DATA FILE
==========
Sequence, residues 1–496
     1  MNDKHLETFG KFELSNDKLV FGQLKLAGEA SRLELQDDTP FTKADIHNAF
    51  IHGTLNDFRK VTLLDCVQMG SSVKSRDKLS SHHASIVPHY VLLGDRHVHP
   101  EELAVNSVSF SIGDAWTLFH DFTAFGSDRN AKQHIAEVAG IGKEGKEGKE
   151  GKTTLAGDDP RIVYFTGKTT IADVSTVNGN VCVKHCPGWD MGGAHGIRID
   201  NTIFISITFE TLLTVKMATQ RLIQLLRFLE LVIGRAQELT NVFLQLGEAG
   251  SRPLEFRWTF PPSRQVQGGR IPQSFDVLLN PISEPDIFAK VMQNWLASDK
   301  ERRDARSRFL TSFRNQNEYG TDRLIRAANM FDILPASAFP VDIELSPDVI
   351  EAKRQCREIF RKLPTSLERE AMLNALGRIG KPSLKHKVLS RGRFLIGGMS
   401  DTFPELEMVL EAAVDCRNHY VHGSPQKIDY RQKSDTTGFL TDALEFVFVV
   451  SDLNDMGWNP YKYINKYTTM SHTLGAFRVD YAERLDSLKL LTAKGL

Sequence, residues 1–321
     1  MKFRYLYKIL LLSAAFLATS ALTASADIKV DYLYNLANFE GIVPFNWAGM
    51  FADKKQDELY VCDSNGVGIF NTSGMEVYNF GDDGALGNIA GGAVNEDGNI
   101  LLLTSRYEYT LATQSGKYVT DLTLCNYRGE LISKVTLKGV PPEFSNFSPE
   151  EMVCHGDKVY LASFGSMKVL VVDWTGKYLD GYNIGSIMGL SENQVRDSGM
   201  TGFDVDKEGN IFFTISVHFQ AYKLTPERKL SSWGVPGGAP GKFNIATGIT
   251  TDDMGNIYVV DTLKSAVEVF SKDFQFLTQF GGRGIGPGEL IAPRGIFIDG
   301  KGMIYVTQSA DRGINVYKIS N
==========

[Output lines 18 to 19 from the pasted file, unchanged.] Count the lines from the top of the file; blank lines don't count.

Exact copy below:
   251  TDDMGNIYVV DTLKSAVEVF SKDFQFLTQF GGRGIGPGEL IAPRGIFIDG
   301  KGMIYVTQSA DRGINVYKIS N